Before we delve into details, it's important to discuss a couple of technical terms. SMD LED stands for 'surface mount LED'. The manufacturing process involves mounting the chip onto a small desk-like surface which eventually becomes an LED. The packaging process consists of three steps:
1. Mounting the chip onto a desk with the use of adhesives 2. Connecting the chip to the core system with a bond wire 3. Coloring the chip with a phosphor-based color.
For better understanding on how the naming system works, there is a simple rule to be followed. It's rather straightforward: each packaging process is named after its respective LED product dimensions. For example, '3528' means the product dimensions are 3.5*2.8mm.
The packaging processes of 2835, 3014 and 3528 are all based on Epistar and chips of similar dimensions. Generally speaking, SMD 2835's design is newer and more advanced than that of 3014 and 3528.
2835's thermal dissipation system is substantially more efficient, because it has a larger heat sink on the back than the 3014 does and 3528 has no back heat sink at all. This enables 2835 LED to take higher amounts of current and generate more luminous flux.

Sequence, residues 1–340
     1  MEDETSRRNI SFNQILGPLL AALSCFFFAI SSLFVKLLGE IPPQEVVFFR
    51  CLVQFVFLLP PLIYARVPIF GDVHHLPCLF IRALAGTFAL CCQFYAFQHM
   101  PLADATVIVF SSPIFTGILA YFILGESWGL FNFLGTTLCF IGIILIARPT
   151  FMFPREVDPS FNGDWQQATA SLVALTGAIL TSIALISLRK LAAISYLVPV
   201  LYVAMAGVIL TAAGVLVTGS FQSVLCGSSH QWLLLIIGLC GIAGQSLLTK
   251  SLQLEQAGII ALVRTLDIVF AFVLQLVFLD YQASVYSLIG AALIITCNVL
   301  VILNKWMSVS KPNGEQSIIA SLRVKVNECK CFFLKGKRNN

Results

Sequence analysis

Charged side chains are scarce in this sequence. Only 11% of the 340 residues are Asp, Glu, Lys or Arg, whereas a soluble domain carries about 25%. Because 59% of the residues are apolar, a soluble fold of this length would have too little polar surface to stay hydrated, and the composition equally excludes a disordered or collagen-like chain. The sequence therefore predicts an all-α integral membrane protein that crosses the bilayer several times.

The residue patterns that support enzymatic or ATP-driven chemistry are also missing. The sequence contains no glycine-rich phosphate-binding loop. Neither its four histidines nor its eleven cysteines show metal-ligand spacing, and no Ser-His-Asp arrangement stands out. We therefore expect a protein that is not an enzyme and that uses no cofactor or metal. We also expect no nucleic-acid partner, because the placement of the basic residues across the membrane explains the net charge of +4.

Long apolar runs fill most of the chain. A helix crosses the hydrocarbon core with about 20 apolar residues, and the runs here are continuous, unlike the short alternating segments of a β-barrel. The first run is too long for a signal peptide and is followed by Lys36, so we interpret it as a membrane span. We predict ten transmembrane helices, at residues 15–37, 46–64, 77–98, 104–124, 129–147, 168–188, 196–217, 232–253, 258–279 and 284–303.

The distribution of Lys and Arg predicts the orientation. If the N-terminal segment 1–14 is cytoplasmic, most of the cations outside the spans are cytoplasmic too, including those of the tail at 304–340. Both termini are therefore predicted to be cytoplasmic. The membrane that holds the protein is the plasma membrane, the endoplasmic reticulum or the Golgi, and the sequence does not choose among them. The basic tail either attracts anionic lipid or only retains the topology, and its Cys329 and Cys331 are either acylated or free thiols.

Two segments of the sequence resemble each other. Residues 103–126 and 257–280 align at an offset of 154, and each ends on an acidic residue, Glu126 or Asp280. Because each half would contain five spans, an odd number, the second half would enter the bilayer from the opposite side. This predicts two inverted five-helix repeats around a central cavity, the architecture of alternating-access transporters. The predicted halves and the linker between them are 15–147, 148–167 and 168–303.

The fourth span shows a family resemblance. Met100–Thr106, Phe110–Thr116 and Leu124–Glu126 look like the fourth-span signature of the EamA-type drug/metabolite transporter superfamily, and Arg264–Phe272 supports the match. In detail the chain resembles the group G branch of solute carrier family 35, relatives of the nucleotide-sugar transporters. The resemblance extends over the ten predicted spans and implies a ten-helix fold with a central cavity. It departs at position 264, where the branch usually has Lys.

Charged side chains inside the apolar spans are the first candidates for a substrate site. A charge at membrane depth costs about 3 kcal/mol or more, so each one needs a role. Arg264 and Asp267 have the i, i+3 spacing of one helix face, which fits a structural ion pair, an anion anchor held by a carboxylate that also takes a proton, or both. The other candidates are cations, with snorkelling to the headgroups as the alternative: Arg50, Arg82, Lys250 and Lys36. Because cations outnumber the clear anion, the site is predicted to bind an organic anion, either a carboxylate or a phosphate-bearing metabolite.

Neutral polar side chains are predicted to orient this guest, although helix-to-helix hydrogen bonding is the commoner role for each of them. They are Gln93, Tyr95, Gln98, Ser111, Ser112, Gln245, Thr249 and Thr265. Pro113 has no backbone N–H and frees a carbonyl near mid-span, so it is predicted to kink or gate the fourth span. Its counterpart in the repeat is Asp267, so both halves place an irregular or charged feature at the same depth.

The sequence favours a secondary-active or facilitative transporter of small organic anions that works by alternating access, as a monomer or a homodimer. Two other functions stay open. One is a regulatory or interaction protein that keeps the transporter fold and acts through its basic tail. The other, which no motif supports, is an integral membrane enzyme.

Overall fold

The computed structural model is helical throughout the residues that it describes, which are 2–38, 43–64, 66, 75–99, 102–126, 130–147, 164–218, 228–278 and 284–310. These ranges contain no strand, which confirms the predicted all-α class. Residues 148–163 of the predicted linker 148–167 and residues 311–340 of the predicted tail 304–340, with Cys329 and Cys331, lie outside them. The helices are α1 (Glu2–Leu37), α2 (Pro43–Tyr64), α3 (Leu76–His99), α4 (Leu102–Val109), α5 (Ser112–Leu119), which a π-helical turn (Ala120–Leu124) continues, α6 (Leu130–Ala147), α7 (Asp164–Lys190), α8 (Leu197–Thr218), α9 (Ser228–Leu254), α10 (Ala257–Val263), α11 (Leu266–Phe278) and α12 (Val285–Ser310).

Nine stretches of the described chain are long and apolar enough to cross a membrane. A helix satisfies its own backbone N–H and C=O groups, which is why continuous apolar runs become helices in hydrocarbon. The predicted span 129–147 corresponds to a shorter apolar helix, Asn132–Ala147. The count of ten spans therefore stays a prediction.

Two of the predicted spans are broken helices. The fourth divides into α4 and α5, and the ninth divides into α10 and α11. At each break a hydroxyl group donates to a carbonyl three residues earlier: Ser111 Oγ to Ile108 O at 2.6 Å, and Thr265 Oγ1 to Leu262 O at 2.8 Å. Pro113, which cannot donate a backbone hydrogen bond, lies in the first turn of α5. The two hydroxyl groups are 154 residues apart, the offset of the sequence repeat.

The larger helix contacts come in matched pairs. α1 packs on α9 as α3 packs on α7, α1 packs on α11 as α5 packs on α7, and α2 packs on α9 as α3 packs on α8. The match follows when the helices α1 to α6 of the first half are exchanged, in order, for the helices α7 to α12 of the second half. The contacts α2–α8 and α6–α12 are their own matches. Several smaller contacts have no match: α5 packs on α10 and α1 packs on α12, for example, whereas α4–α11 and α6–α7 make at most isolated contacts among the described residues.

1. The larger the chip, the better if we take the 3528 as an example, its manufacturer could use a chip of either 10*16, 10*18 or 10*23 in dimensions in order to produce the LED. Although all of the three can be driven by 20ma, they each generate different luminous flux.
However, most of the lamp buyers will have a very hard time knowing the chip's actual brand and dimensions, and the only real way for them to find out is to subject the lamp to an optical performance test.
2. A controversial designHigher drive currents will produce more luminous flux and heat inside a chip.3528, 3014 and 2835 all use the 10*23mm chip, but the drive currents are different. It is controversial in the sense that although 3014 and 2835 have a larger heat sink, one chip in these packagings could be driven by higher currents. Still, it has become the most popular design by far.